Tuesday, 13 July 2010

UK Loses AAA Rating ...

... according to the Dagong Global Credit Rating Co, "China's first official credit rating agency", which has downrated us to AA- today. Cheeky buggers.

By contrast S&P continues to rate us AAA: Negative Outlook. George Osborne would probably have hoped for better, but they have doubts over growth projections and, frankly, everyone has their concerns.

Helpfully, Mr Pratley (sic) of the Grauniad tells George not to fret, seeing as how the rating agencies are rubbish. It's true, Nils, we've said so ourselves - but their usual sin is over-optimism, so I'm not sure this helps. The importance of the AAA is easy to forget, because we've enjoyed it for so long - but hard to overstate.

I once worked in the Treasury of an AAA-rated energy company (not Enron this time, needless to add). We agonised long and often over just how much it was really worth to us: perhaps we'd have done better loosening up a bit (e.g. by using project finance instead of funding everything ourselves). But we were highly cash-generative, and the odd point on the overnight overdraft wouldn't have mattered a hoot.

The UK is not in quite the same happy position. That Spending Review can't come quick enough and, as we've said before - no summer hols for Danny & George.



Steven_L said...

What gets me, is how they've attached the AAA rating to banks (and therefore mortgage borrowers) through the Credit Guarantee Scheme.

On one hand, if they don't renew the CGS and SLS interest rates will most likely shoot up and lending dry up.

On the other hand if they do renew all this funny money we have to start accounting for it as government debt under Maascricht rules and interest rates could shoot up and lending dry up.

Is that the printing press I hear in the background?

PJH said...

To quote Justin Stewart on Tuesday's (13th - around 9:50 in) 'Wake up to Money' on Radio 5 - "oh for heavens sake, [the ratings agencies] give us the marvelous opportunity of telling us yesterday's weather forecast"

And as the past few years have shown us, they aren't really all that good at it.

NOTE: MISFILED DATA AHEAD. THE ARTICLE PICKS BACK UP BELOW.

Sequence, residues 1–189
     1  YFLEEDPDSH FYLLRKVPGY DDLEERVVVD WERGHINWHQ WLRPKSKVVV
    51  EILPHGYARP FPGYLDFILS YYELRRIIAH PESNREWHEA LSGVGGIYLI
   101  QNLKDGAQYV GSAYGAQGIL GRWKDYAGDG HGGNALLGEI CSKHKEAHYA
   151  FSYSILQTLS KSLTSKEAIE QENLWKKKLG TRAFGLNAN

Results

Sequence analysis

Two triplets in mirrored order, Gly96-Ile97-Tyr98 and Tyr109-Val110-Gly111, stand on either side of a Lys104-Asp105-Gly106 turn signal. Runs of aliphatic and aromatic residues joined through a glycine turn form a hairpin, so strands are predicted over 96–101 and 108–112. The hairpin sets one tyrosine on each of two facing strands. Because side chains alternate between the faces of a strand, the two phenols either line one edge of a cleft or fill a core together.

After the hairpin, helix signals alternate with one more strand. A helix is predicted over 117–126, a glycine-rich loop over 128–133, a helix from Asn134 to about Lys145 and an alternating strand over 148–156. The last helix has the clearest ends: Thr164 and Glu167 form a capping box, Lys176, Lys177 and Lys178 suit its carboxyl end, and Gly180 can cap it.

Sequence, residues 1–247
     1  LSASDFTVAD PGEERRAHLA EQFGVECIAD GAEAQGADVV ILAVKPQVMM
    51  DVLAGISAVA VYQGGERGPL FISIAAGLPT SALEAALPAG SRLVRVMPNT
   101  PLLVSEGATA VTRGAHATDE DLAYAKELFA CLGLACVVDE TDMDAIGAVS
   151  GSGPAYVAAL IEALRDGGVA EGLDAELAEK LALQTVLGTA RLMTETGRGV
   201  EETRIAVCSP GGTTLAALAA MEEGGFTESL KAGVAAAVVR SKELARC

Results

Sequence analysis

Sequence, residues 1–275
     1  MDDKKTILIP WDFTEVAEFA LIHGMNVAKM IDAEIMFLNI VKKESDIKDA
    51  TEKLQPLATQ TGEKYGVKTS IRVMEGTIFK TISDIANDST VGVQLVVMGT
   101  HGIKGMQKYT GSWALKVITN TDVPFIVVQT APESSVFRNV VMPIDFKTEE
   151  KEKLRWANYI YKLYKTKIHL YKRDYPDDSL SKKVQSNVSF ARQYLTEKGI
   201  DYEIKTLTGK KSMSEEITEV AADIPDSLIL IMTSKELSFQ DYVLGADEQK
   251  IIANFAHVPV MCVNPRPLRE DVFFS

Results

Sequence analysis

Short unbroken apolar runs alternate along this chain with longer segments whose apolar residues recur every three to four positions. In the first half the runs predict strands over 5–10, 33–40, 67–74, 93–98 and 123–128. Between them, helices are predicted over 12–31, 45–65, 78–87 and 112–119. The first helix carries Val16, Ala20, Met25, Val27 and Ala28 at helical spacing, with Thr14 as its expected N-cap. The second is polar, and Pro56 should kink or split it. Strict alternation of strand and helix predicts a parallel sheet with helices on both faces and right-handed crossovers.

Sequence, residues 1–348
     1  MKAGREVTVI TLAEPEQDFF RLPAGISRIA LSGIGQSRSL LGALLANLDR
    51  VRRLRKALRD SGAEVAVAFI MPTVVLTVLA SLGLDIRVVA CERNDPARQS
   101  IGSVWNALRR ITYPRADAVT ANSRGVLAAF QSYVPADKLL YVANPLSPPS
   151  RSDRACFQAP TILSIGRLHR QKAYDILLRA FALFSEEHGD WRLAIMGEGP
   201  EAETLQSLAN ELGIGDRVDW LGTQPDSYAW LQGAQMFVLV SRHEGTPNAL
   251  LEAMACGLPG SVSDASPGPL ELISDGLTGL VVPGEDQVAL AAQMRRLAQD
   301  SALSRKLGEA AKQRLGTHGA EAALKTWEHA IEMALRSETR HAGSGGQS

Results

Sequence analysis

Budgie said...

Steven-L, surely the interest rates charged to retail and to business are well above bank rate - so much so that it has effectively de-coupled?

BoE rate should have risen to meet the increased inflation. But it has been held back for the political expediency that it makes government loans cheaper to service.

In any case, if interest rates rise this will deter borrowing and attract more lenders, so curing the claimed lack of availability of 'funds'. It will be hard on borrowers, but it would also cure the excessive house prices (compared to long term average).

Steven_L said...

The 'bank rate' budgie (aka the overnight rate) only applies to the B of E borrowing from banks for one day. It is quite normal to have a yield curve, where rates rise the longer you are lending/borrowing for.

If you go on bondscape and look at what banks like Lloyds really pay for a 5 year loan (with no state backing) then go on the DMO credit guarantee scheme and look what they pay with state backing (or for retail savinsg which are also state backed) you will see that interest rates for consumers and businesses would actually be a bit higher but for the state backing of wholesale finance.

In terms of their balance sheets, if they attract more deposits (say people have money under the mattress or sell gold coins) these become a liability. They have to turn it into some sort of asset (i.e. lend it to someone) in order to pay any interest to the lender.

If borrowing dries up due to higher rates, the money multiplier slows and there will be less deposits as well as less loans. This is what they are afraid of, a deflationary spiral, this is why they keep telling the banks to 'lend, lend, lend' even though no one wants to take on more debt.

If they think we're heading for monetary deflation they'll print more money, just like Japan kept doing and Bernanke keeps hinting at now.

Budgie said...

Steven-L, yes I know lending depends primarily on risk and time. Yet it seems to me that the ratio of BoE base rate to say a typical retail 25 year mortgage, is far higher now than it was 5, 10, or 15 years ago.

The normal way the economy has been controlled in the last few decades has been by the base rate (given broad money being relatively stable). We have inflation above 3%, therefore the base rate needs to be increased.

".. no one wants to take on more debt." I understood from business (from the FSB upwards in size) that loans for realistic projects were difficult to come by, ie there is not enough money being lent.

Increasing the base rate to correspondingly increase the retail rates (also thereby increasing the interest paid to depositors) would bring inflation down and bring borrowing and lending back into balance. Higher interest rates offset higher current risks. So we have come full circle.